Jane Austen, whom some critics consider England’s best novelist, was born in 1775 in Steventon, England. The seventh of eight children, Austen lived with her parents for her entire life, first in Steventon and later in Bath, Southampton, and Chawton. Her father was the parish rector in Steventon, and, though not wealthy, her family was well connected and well educated. Austen briefly attended boarding school in Reading but received the majority of her education at home. According to rumor, she had a brief love affair when she was twenty-five, but it did not lead to a marriage proposal. Two years later she accepted and then quickly rejected a proposal. She remained unmarried for the rest of her life. Austen died in 1817, at age forty-one, of Addison’s disease.

Austen began writing stories at a very young age and completed her first novel in her early twenties. However, she did not publish until 1811, when Sense and Sensibility appeared anonymously It was followed by Pride and Prejudice in 1813 and Mansfield Park in 1814. Emma, which appeared in 1816, was the last novel published during Austen’s lifetime.  Two other Austen novels–Northanger Abbey and Persuasionwere published posthumously.

Read more about Pride and Prejudice, another well-known work by Jane Austen.

Austen’s novels received little critical or popular recognition during her lifetime, and her identity as a novelist was not revealed until after her death. As admired as Austen’s novels later became, critics have had a difficult time placing them within literary history. She is known for her gently satirical portraits of village life and of the rituals of courtship and marriage, but she wrote during the Romantic period, when most major writers were concerned with a very different set of interests and values. Romantic poets confronted the hopes and failures of the French Revolution and formulated new literary values centered on individual freedom, passion, and intensity. In comparison, Austen’s detailed examination of the rules of decorum that govern social relationships, and her insistence that reason and moderation are necessary checks on feeling, make her seem out of step with the literary times. One way to understand Austen’s place in literary history is to think of her as part of the earlier 18th century, the Age of Reason, when literature was associated with wit, poise, and propriety. Her novels certainly belong to an 18th-century genre, the comedy of manners, which examines the behavior of men and women of a single social class.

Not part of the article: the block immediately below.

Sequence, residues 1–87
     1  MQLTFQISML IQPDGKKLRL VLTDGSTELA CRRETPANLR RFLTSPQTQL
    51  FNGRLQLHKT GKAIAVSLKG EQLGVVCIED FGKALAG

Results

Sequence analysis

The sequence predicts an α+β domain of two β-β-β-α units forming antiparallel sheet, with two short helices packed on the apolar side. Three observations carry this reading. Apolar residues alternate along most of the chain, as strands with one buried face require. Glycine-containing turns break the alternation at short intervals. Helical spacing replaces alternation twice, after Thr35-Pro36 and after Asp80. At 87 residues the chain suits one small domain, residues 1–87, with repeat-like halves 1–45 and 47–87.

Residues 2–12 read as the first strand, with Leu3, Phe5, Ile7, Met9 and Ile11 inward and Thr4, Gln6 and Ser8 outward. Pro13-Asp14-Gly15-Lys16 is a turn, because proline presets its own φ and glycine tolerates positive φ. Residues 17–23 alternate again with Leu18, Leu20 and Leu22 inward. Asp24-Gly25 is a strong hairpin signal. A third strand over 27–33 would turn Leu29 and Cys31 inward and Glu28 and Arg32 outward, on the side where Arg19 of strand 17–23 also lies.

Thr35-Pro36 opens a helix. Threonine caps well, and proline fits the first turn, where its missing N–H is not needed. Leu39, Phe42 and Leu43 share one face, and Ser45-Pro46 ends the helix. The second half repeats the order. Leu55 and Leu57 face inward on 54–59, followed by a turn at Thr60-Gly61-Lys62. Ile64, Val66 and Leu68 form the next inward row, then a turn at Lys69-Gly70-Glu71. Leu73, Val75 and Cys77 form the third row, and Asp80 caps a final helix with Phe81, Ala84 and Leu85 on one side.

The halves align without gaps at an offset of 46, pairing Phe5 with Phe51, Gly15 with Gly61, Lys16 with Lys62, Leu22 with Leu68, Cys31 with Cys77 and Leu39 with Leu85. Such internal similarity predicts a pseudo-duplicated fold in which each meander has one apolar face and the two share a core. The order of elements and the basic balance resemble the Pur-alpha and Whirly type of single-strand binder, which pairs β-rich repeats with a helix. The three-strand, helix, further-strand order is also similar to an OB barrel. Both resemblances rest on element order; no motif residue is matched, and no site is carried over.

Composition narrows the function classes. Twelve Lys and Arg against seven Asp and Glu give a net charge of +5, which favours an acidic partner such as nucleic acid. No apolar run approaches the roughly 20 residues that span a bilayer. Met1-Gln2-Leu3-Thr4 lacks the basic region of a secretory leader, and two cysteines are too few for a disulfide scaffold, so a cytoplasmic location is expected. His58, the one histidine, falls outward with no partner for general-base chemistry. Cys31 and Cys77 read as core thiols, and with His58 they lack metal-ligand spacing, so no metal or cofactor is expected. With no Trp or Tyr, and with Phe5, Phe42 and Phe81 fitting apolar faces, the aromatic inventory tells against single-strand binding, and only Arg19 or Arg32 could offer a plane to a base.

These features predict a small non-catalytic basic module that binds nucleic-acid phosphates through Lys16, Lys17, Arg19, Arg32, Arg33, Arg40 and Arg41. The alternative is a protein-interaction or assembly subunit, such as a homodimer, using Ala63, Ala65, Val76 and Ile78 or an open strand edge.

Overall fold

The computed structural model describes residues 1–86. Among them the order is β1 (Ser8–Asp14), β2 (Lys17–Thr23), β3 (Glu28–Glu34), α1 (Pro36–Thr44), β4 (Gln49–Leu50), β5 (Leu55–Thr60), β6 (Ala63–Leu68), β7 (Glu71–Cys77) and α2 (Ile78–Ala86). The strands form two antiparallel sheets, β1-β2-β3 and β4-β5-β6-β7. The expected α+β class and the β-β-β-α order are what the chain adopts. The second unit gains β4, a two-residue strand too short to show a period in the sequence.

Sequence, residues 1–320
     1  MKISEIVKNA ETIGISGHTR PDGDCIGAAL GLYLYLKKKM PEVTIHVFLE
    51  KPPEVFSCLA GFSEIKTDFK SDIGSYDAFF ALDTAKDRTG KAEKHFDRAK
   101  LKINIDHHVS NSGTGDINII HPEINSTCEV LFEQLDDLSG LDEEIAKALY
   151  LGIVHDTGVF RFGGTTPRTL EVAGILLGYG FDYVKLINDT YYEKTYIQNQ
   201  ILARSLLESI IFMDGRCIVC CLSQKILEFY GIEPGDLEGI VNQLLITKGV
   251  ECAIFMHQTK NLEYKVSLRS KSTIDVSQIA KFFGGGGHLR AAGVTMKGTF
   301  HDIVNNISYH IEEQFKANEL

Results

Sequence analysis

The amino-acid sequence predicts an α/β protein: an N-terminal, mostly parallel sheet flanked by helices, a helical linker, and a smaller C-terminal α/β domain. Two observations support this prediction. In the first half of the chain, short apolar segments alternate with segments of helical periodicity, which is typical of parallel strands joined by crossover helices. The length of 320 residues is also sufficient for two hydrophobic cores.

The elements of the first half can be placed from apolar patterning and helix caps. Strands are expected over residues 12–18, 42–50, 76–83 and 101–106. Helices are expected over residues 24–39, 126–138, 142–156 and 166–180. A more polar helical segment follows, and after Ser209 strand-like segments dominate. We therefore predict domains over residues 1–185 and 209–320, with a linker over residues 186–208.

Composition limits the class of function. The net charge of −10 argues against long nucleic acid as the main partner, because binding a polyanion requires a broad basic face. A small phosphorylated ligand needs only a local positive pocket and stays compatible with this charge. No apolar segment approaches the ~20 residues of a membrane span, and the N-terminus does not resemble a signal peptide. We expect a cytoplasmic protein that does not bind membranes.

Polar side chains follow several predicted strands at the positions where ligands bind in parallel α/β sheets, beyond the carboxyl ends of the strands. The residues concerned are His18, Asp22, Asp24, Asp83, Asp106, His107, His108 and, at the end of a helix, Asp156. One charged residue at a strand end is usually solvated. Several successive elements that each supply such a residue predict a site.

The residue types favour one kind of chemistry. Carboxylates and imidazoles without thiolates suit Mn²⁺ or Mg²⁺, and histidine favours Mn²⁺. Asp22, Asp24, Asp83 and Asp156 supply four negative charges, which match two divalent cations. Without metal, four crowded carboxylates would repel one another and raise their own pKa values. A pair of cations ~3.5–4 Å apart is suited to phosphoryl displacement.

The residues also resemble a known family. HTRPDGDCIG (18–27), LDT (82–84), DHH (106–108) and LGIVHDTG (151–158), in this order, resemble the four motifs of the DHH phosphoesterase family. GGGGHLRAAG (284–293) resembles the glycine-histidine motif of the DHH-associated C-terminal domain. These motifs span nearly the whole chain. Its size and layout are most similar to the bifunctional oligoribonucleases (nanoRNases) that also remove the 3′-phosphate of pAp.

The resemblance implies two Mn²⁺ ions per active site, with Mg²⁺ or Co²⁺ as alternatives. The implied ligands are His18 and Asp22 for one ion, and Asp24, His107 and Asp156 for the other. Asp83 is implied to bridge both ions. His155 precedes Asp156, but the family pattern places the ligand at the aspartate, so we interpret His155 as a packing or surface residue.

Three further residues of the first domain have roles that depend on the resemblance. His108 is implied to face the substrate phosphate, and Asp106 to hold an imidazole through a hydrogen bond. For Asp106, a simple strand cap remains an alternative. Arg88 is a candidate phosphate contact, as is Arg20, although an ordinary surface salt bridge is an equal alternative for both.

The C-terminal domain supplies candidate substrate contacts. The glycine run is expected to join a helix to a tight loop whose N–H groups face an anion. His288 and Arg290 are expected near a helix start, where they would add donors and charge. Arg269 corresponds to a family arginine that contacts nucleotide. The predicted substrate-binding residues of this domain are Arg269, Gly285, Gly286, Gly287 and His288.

Rather than dismiss Austen as a writer who shunned the artistic and political movements of her time, it is perhaps more useful to think of her as an early feminist. Critics have pointed out that the Romantics, who were almost exclusively male, offered a poor model of literary fulfillment for the ambitious woman of the time. While male writers such as Percy Bysshe Shelley and Lord Byron possessed the freedom to promote their own individuality through wide travel and sexual and military adventurism, women were largely denied these freedoms. For women, the penalty for sexual freedom was social ostracism, poverty, and worse. In Sense and Sensibility, Austen describes explicitly the danger that cultivating emotion posed for women of her time.

In this social context, Austen’s commitment to reason and moderation can be seen as feminist and progressive rather than conservative. The intelligence and resourcefulness of her heroines stand in constant contrast to the limits of the constricted world of courtship and marriage defining their sphere of action. While reading Emma it is interesting to consider to what extent Austen accepts or questions the idea that marriage represents a woman’s maturity and fulfillment.

Some consider Emma Austen’s best and most representative novel. It is also her longest novel, and by many accounts, her most difficult. Long praised for its rich domestic realism, Emma also presents puzzling questions: how can a character as intelligent as Emma be wrong so often? When does Austen expect us to sympathize with Emma, and when does she expect us to criticize her? Is the ending as genuinely happy as it is presented to be, or does Austen subtly inject a note of subversive irony into it? That these questions are on some level unanswerable ensures that Emma will be read again and again.